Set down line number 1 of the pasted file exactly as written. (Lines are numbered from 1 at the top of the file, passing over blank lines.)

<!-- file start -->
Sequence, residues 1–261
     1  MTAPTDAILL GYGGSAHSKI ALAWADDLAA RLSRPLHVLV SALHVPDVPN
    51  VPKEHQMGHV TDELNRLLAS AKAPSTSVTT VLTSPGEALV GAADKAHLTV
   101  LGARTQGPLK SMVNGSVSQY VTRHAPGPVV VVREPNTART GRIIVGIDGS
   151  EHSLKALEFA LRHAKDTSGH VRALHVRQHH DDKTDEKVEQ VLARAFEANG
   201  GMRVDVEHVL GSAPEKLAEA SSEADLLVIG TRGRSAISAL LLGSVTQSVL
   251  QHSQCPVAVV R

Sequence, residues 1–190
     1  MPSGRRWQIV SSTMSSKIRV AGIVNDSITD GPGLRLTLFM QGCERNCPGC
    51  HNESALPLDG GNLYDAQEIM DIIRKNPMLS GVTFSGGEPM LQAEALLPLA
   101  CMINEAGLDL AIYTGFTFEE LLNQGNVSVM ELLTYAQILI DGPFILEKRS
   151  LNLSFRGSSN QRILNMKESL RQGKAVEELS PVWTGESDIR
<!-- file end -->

Sequence, residues 1–261